An evaluation of communities in schools dropout prevention program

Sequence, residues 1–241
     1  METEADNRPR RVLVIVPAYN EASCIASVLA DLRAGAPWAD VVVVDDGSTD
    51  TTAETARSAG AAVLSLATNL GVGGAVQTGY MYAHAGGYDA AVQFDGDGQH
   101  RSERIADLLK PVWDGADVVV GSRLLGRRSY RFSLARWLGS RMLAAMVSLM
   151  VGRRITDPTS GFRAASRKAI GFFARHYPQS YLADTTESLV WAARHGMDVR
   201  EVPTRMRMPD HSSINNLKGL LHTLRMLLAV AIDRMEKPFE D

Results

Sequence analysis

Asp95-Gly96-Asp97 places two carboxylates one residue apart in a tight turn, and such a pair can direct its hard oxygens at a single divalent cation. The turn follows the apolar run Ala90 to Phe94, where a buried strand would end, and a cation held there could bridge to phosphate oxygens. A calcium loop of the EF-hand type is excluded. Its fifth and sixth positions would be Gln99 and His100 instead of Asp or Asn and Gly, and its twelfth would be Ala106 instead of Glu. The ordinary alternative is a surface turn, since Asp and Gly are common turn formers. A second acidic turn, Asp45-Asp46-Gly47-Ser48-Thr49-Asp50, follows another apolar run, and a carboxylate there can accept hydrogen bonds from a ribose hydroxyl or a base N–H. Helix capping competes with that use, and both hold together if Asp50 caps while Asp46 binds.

On average the yearly high school graduation rate in the United States (U.S.) is 68-71% (Slaughter 2009). In order to increase the U.S. graduation rates, prevention programs have been implemented to keep students in school. The purpose of this thesis is to evaluate the Communities In School-North Texas (CIS) dropout prevention program. Using the commitment and involvement components of Hirschi's (1969) social bond theory, I hypothesized that CIS students who were more committed and involved in conventional activities would be more likely to promote to the next grade or graduate. T-tests were conducted in order to test the hypotheses. The results of the t-tests show that there were no significant differences between students that were promoted to the next grade/graduated or those that failed/dropped out when measuring time spent in commitment and involvement related activities. The findings suggest that other factors are associated with the high promotion/graduation rate of students enrolled in CIS. Suggestions for future research include incorporating qualitative data on the students' experiences in the program, comparing groups of similar students not in the program, and examining student performance over multiple years.